Cycling to recovery: Part 1

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After four months of training, persistent ITB syndrome and two bouts of severe nerve pain in my feet, I was finally forced out of this year’s London Marathon with a risky ankle injury (a dysfunctional tibialis posterior muscle – yep, I’d never heard of it either). It didn’t just leave me with a hefty physio bill, but a massive training void too. As any marathoner will tell you, the post 26.2 blues are a real issue, but just as much so even if you didn’t make it to the big day. To go from fitting your life around running five times a week to having no training obligations is a huge blow – especially if, like me, you get signed off running altogether.

Needing a running replacement until I was back on my feet again, cycling seemed like a good alternative – it combines challenging cardio with the freedom of being outside, the two things I love most about running. However, with a slight fear of hitting London’s crazy roads on wheels straight out, I headed for the classic gym alternative: spinning.

Perhaps one of the more intimidating fitness classes out there, spinning is a great form of cross-training for runners. “It activates the muscles that are used for running without putting any undue pressure on the joints, helps strengthen the muscles surrounding the knees and it can help to increase your anaerobic threshold, allowing you to train faster for longer,” says Lee Pickering, a personal trainer and spinning instructor at DW Fitness Clubs. “The variance in difficulty and moving upwards through the gears can replicate the feeling of running uphill, sprinting, and maintaining an easy pace.”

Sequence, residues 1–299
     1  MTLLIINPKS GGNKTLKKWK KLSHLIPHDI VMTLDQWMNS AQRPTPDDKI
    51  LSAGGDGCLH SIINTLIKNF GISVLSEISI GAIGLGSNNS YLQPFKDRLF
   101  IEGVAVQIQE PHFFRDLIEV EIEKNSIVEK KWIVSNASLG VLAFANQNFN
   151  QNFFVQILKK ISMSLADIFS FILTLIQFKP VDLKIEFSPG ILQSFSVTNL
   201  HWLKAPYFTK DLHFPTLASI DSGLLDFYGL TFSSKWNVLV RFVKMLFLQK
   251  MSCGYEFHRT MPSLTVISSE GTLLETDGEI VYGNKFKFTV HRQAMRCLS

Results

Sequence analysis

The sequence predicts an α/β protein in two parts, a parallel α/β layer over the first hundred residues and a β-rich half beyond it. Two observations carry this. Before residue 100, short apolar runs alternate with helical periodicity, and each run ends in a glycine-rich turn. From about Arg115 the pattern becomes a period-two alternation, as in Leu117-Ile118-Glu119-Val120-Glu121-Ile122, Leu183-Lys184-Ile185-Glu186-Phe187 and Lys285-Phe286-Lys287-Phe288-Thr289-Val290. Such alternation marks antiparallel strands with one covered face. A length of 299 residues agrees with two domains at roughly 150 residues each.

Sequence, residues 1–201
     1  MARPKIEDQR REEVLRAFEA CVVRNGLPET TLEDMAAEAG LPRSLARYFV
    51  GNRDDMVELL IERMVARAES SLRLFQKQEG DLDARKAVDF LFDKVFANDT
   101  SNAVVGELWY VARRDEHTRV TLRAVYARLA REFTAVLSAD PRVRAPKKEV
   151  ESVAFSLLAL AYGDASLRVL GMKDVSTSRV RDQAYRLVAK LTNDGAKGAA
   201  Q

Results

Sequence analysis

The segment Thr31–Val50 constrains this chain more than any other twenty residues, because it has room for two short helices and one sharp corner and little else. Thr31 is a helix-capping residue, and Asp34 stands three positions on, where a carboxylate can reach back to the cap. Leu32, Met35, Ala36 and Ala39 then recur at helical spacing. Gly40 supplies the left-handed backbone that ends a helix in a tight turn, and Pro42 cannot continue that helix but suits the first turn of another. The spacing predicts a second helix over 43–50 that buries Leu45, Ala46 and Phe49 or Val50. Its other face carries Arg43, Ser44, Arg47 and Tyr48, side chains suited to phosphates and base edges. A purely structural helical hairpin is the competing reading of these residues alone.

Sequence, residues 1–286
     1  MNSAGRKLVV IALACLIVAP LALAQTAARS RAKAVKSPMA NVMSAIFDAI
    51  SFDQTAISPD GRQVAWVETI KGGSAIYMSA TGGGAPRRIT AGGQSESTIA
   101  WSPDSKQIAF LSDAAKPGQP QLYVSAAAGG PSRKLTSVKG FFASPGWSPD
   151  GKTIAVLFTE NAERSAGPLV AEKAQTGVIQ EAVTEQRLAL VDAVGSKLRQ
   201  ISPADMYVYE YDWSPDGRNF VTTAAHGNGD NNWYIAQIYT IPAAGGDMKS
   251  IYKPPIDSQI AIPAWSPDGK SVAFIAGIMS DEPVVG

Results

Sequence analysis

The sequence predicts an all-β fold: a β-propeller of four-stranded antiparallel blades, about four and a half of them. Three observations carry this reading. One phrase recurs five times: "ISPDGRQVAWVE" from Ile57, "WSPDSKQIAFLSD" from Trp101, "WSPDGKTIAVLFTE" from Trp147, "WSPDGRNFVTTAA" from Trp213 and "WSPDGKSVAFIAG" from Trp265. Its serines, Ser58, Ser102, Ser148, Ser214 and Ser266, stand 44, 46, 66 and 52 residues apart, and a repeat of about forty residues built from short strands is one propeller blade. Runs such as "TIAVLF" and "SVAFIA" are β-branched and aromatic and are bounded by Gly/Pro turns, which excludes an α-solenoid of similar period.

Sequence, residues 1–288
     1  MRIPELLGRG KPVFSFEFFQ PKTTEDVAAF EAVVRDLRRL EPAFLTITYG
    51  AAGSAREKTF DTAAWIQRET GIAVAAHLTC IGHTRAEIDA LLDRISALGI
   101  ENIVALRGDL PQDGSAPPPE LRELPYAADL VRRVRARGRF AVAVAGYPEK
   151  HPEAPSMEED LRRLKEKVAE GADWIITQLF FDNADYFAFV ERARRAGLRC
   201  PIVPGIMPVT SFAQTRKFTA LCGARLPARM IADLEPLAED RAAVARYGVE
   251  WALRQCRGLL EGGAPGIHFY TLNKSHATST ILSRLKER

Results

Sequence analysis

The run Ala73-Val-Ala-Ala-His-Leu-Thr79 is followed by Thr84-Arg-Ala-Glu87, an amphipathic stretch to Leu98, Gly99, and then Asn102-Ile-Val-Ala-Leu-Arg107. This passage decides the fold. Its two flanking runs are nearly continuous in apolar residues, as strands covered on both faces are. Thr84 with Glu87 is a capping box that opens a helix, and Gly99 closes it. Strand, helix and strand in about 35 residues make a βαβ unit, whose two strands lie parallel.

Since it provides a workout for all the major leg muscles, spinning can help keep you conditioned while injured. “Your quadriceps are engaged as you push down with your foot, and your hamstrings help to lift your leg back up again,” Lee says.

Best of all, there’s good news for the ITB syndrome, which in my case is caused by lazy glutes: “When you rise out of your seat, this works the glutes on both the push and pull action.” Finally, a reason for me to stop slacking on standing climbs.

This leg-heavy focus and low impact nature of the class was a must, given that I wanted to keep on form despite the somewhat awkward nature of my injury. However, spinning can’t completely replace running, Lee warns. “As cycling targets a smaller amount of muscles than running, a prolonged period of cycling may impact a runner's technique.”

“As a high impact sport, running helps to strengthen the bones in the legs as they are forced to sustain the body weight. Spinning can potentially remove this benefit as it is a non-impact exercise, but works to help the body in other ways.” With that in mind, I set about switching my regular runs for spinning, mixed in with plenty of strength training to provide weight bearing exercise for bone health. I was determined not to be out of the running game for long.

Next time: Georgia gets an intro to proper spinning technique at Edge Cycle.